Movie Review

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  • Reviewed Format: Theatrical Preview
  • Rated: Not Rated
  • Stars: Riccardo Cucciolla, Lea Lander, Maurice Poli, George Eastman, Don Backy
  • Writers: Cesare Frugoni, Alessandro Parenzo
  • Director: Mario Bava
  • Distributor: Kismet Entertainment


The return of Bava

By Jason Henderson     July 31, 2002

So I caught KIDNAPPED at the Alamo North the other day, the first time I'd seen it, which is no big surprise because practically nobody's seen this movie, except about nine people who bought a previous DVD version called RABID DOGS. This movie is not RABID DOGS, but the completed work that RABID DOGS almost was.

If that's confusing, it's part of what makes this film noteworthyKIDNAPPED is one of those movies whose origin is almost as interesting as the film itself. The short version is: giallo auteur Mario Bava, director of such Italian horror staples as BLACK SUNDAY and BARON BLOOD, made a film called CANI ARRABIATI (RABID DOGS) a few short years before his death. The movie, which has almost no special effects and chronicles a carjacking in modern-day (1974) Rome in almost real time, was almost completed when financial problems shelved the picture until Bava's death, at which point the nearly-finished movie sat in a vault for over 25 years. An edited but still unfinished version finally emerged on bootleg DVD a few years ago as RABID DOGS. Then in 2001, with the help of financiers from Kismet Entertainment, owners of the Bava library, producer Alfredo Leone and Mario's director son Lamberto Bava worked from Mario's notes to shoot the scenes needed to complete the filma task the possible results of which should make any cinephile cringe. The final film, blessed by the Bava family and the surviving cast, is called KIDNAPPED, and while its future fate awaits, it has so far been screened twice, once at a premiere in L.A., and once in Austin at the incredibly strange and wonderful Mecca of film appreciation, the Alamo Cinema and Drafthouse.

Ah, but the film. Luckilyand were all shocked to see itKIDNAPPED is a genuinely disturbing, taut thriller that shows us the kind of violence that people can't seem to watch without mentioning either LAST HOUSE ON THE LEFT or RESERVOIR DOGS, although it's another Tarantino scriptFROM DUSK TILL DAWNthat features the most eerie similarities to KIDNAPPED.

Here's the setup: four criminals rob a payroll truck in Rome and lose their getaway driver and car in the shootout as they escape into a crowded parking garage. The surviving criminalsthe suave leader "Doc," the knife-wielding "Stiletto" and the oafish, well-endowed "32"grab a panicked female shopper as a hostage, andwith the hostage in towcarjack an old man and his sick, blanket-wrapped comatose son. That leaves us with three criminals and three hostages (including the unconscious son).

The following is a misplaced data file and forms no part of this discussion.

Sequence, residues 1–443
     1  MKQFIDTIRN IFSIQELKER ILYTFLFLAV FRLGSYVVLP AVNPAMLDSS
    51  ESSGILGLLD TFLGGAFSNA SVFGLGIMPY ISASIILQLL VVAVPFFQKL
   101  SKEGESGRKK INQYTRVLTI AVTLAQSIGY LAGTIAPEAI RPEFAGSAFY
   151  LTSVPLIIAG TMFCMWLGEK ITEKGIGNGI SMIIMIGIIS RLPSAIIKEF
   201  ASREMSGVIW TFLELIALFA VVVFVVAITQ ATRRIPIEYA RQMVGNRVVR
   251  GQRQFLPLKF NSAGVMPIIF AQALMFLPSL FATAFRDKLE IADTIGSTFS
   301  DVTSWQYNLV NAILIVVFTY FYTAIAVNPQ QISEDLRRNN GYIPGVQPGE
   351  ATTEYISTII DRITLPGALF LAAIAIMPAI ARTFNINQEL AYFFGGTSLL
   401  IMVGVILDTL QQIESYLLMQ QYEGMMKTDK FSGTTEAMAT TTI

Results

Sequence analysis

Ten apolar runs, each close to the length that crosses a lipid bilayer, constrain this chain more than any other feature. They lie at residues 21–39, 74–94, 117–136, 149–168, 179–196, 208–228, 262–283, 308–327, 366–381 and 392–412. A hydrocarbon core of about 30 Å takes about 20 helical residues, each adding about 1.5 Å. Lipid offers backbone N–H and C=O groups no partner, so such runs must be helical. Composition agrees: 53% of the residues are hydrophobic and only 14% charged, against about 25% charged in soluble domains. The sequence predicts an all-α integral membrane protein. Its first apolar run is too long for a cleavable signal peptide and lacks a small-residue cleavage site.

The cast of KIDNAPPED

The crazy thing is that all happens in about ten minutes of real-time screen timethe movie has this remarkable flair for feeling like reality and yet being a lot more efficient than that. The rest of the film is one suspense setup after another, as the characters play cruel mind games with one another. The two thugs harass and humiliate the female hostage so ruthlessly that the audience squirms in discomfort although the violence (again as in RESERVOIR DOGS) remains off screen and in your imagination. The old man tries to reason with the seemingly reasonable criminal Doc, alternately bargaining and begging to get his son to a hospital. Various thresholds are crossed and re-crossed as the car makes its way past roadblocks and tollbooths, every time twisting the suspense as the characters try to negotiate their shifting situationshould the victims yell out and risk being killed? Run for it? All the while Bava turns the screws, keeping us aware of the five cramped characters' sweaty discomfort and paranoia.

I'm a big Bava fan, of course, and I love the brilliant-colored fever-dreams he and his contemporaries and followers created (such as BARON BLOOD) as well as languid supernatural fairy tales like Bava's black-and-white, nearly expressionistic BLACK SUNDAY. This movie is nothing like thatKIDNAPPED is Bava reinventing himself with a completely different creation, a movie so intense and modern that it feels nothing like the '70s crime films and horrors coming out at the time. It feels real and scary in a different way. I'm trying to imagine KIDNAPPED at a theater with DOG DAY AFTERNOON and I'm struck by the quick editing and the constant pressure the screenplay maintains, which is a mark of today, not yesterday. It was a mark of Bava's tomorrow, which he never got to share.

KIDNAPPED never came out. It's ripe for remaking, of course, but before you see that one, you should see this one. With any luck, you'll be able to.

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